Reducing heater outlet temperatures risks having unconverted oil in the coke drum that will result in hot spots, eruptions and blow outs. Heater outlet temperatures should be raised high enough to keep the VCM on coke less than 10%. That should prevent tarry drums, hot spots and blow outs.
Time and temperature make coke. Heater fouling has the concentration of coke precursors as well. Coking rates are exponential with temperature and linear with time, so lowering temperatures will have the largest effect. Lowing the temperatures too much will result in significant safety hazards, so coke VCM should be closely monitored to ensure heater outlet temperatures are adequate.
Raising heater oxygen content will reduce the flame temperature in the fire box and shift duty from the radiant section to the convection section. The lower temperatures in the radiant section should reduce the heat flux and film temperatures so that fouling in the lower radiant section should be reduced. This higher oxygen content will increase the convection section heat duty and heat transfer rates. There is an increased risk of coking the convection section of the heater by raising the oxygen content in the firebox. This will also reduce the efficiency of the heater.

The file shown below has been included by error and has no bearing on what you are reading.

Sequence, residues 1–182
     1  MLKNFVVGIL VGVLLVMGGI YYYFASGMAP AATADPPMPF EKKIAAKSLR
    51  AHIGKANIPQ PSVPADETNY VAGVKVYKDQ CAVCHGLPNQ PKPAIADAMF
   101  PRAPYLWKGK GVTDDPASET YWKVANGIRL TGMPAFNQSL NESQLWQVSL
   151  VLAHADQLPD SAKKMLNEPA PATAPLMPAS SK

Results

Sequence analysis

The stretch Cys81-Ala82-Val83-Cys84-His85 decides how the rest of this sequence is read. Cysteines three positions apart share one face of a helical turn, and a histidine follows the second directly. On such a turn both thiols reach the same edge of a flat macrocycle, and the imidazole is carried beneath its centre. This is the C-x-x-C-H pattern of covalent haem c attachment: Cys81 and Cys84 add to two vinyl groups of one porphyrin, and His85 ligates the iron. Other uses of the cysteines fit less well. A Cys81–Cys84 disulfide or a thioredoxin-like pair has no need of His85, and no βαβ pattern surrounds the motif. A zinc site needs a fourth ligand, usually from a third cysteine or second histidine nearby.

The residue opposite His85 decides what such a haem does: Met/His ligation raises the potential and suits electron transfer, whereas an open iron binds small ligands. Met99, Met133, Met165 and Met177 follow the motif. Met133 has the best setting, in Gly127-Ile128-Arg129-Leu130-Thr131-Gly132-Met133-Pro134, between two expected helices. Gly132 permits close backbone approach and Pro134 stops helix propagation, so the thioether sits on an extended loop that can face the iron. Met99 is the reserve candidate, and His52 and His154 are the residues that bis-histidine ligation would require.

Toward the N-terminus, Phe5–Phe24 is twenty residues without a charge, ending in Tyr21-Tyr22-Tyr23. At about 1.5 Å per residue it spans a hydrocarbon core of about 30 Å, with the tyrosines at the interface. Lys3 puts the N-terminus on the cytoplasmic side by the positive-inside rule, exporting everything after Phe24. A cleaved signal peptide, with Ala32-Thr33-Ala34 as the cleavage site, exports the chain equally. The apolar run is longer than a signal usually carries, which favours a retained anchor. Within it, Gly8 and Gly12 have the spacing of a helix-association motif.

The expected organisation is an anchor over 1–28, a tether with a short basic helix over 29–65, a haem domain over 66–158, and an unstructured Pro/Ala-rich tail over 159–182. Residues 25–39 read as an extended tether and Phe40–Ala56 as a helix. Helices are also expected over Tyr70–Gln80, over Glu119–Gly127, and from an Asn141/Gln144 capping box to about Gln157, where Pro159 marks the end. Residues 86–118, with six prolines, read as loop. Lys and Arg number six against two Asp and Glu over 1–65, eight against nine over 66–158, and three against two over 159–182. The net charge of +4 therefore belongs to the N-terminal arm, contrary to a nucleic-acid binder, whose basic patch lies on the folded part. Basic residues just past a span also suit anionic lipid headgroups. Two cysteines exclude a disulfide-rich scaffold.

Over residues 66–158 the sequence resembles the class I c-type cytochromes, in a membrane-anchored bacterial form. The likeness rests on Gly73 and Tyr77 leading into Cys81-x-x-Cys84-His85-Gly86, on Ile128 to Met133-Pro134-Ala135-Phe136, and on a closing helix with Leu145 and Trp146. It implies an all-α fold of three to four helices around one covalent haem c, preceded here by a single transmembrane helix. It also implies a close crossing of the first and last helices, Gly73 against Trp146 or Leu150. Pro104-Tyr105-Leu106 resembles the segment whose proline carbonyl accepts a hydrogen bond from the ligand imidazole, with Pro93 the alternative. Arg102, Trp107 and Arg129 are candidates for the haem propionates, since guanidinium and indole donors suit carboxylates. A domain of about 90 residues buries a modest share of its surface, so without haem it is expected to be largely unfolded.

A 0.5 deg C to 1.0 deg C temperature increase per day is a reasonable increase in tube metal temperatures. For 9% Cr – 1% Mo heataer tubes, approximately 100 deg C is the start of run to end of run heater tube metal temperature increase. At 0.5 deg C per day that is 200 days or just over 6 months.
A lower feed concarbon content should result in longer heater run lengths, but that may not be an economic alternative.